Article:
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Monday, December 09, 2019 {{ new Date().getDay() }}

Reprinted with permission from WashingtonSpectator.

In an urgent phone call, Ralph Nader described a Republican tort law package that is being “rammed through the House” without proper hearings and almost no attention from the press. Any hearings on the bills have been pro forma, at best. But there has been some notable reporting, in the The Washington Post and Bloomberg News.

Often, “tort reform,” the protracted and persistent campaign to limit lawsuits against the powerful (obstructing individuals’ rights to sue corporate defendants, for example, or making it harder for victims of medical malpractice to sue physicians, hospitals, and nursing homes) is an arcane topic often avoided by the media.

The Trump administration’s attempt to destroy the EPA, gut the Clean Power Plan, define all 11 million undocumented residents of the country as deportable, and pass a massive tax cut for the wealthy while eliminating health insurance for 24 million Americans, are big, compelling and competing news stories.

‘The proponents of the legislation take big risks if the public finds out what they are doing.’

So it’s a challenge to get readers or viewers to invest five or 10 minutes in a story about Iowa Congressman Steve King’s “Protecting Access to Care Act.” King is not interested in ensuring that people in need of medical attention can see a doctor.

His bill caps medical malpractice damages at $250,000, even for catastrophic errors committed by physicians. An anesthesiologist miscalculates during routine surgery and leaves a child with severe brain damage and the family gets $250,000. An orthopedic surgeon botches an amputation (the story of a Florida surgeon amputating the wrong leg has been widely reported), and the victim receives no more than $250,000.

The deceptively captioned “Lawsuit Abuse Reduction Act” filed by Texas Congressman Lamar Smith reinstates a provision put in place in 1983 and abandoned in 1993, after federal judges and plaintiffs’ attorneys complained that it had a chilling effect on individuals filing lawsuits in federal courts. Fear of being sanctioned for filing a frivolous suit, it turns out, often discouraged lawyers from filing legitimate claims. According to a survey of 3,000 federal litigators, one in five lawyers reported abandoning valid claims because they feared sanctions.

“There are so many frivolous lawsuits, ruining people’s reputations, robbing people of their livelihoods,” Smith told The Washington Post.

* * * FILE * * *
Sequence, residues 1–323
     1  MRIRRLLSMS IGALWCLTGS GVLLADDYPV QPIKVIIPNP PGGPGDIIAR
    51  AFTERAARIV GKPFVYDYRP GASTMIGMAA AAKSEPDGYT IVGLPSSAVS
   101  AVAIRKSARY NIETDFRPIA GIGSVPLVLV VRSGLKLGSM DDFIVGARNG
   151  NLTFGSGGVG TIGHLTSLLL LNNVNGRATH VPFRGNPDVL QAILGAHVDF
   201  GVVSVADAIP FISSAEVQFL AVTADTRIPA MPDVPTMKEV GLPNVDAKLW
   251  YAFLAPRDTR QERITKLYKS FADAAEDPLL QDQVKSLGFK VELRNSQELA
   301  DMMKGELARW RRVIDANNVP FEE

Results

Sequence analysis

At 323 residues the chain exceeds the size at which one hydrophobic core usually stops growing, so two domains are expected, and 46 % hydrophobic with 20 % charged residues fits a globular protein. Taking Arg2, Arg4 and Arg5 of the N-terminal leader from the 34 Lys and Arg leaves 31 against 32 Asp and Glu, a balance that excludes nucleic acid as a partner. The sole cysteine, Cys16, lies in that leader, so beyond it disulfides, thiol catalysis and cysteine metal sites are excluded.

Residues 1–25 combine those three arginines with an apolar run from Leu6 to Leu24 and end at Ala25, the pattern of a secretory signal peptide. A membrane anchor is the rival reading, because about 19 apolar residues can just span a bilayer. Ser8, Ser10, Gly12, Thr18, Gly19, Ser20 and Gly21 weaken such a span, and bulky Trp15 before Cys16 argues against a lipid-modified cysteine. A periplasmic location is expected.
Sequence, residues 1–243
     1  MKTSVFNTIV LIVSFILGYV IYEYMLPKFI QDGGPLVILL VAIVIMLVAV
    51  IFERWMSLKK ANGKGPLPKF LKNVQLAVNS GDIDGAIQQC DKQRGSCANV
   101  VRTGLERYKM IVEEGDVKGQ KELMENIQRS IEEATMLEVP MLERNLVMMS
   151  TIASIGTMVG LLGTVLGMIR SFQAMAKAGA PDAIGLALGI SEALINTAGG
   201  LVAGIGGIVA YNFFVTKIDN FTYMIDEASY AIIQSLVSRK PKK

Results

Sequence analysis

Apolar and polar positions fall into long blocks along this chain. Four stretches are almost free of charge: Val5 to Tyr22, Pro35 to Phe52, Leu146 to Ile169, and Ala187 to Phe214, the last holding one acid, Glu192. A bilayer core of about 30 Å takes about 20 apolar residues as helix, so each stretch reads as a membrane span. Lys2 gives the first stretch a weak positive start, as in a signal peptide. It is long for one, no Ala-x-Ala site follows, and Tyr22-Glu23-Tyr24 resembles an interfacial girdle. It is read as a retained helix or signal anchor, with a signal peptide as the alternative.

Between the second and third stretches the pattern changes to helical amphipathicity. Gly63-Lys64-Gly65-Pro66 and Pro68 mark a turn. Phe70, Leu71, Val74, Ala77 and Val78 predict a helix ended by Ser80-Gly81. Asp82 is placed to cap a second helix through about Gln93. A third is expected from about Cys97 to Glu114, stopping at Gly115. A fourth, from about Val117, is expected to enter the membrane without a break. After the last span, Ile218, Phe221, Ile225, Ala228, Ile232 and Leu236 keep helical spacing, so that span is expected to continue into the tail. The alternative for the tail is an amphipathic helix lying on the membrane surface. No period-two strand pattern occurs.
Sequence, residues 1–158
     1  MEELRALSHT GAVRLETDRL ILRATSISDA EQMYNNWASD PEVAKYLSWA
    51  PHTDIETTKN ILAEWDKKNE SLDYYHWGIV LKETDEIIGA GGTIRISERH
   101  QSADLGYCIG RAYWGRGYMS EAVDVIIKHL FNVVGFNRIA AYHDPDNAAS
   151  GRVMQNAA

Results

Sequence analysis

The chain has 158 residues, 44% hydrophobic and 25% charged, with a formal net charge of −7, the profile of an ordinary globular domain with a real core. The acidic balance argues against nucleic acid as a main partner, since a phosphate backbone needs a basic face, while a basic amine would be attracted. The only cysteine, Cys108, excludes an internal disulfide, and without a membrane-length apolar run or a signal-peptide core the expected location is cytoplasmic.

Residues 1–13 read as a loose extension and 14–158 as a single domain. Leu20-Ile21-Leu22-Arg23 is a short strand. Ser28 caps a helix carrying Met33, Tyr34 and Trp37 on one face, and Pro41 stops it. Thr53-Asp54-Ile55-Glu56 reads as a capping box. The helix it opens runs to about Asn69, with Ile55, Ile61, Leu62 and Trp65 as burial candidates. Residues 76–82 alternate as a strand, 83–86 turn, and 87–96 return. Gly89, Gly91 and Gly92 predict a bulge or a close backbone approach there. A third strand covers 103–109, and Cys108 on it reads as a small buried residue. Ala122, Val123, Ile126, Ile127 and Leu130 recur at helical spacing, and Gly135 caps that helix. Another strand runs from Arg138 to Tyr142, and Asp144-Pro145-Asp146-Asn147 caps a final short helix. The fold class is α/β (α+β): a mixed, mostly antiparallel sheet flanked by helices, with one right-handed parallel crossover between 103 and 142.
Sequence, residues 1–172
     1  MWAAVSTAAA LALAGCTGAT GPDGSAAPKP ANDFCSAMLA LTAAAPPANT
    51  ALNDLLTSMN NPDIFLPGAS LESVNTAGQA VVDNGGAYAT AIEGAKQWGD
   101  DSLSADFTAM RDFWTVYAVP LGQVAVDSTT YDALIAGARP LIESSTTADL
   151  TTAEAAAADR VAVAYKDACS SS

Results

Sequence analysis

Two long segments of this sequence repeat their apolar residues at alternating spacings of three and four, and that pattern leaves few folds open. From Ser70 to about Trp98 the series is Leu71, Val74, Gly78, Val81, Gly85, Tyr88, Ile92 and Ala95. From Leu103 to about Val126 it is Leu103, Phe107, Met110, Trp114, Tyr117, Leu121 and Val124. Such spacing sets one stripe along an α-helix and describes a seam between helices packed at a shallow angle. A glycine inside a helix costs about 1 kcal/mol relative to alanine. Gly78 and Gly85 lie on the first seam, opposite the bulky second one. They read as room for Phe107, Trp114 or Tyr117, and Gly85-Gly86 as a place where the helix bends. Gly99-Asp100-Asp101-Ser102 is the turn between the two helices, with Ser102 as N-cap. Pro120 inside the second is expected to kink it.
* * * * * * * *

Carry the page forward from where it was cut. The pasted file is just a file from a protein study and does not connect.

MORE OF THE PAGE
While Smith is appealing to the American sense of justice, he’s also lying. When the Federal Judicial Center in 2005 surveyed federal judges, 85 percent of them opposed reinstating the 1983 law and described groundless litigation as a small problem, a very small problem, or no problem at all.

The Innocent Party Protection Act sponsored by Colorado Congressman Ken Buck does nothing to protect innocent parties. It does, however, allow defendants to move cases filed in state courts to federal courts, where corporations have an advantage because proceedings are more expensive, there are longer wait times for trials, and discovery is more limited.

There are four or five additional bills in this package of legislation advanced by the U.S. Chamber of Commerce Institute for Legal Reform and the National Federation of Independent Businesses, part of their long-game to rewrite the rules of civil jurisprudence so corporate clients cannot be held liable for their wrongdoing.

The House has passed similar bills in the past, but they died in the Senate where there was less interest in passing bills that would be vetoed by President Obama. Donald Trump was a frequent defendant in federal court, and will sign any tort reform bill that reaches his desk.

When the bills move to the Senate, the corporate lobby will need 60 votes and will target Democratic senators who face election in states Trump carried in 2018: Tammy Baldwin (Wisc.), Sherrod Brown (Ohio), Bob Casey (Penn.), Joe Donnelly (Ind.), Heidi Heitkamp (N.D.), Dean Heller (Nev.), Joe Manchin (W.V.), Claire McCaskill (Mo.), and Bill Nelson (Fla.).

Opponents of the legislation are organizing grassroots campaigns focused on the same 10 senators. “The American public supports the civil justice system and the Seventh Amendment right to a jury trial by wide margins,” consumer-protection attorney Pamela Gilbert told Bloomberg News. “The proponents of the legislation take big risks if the public finds out what they are doing.”

 

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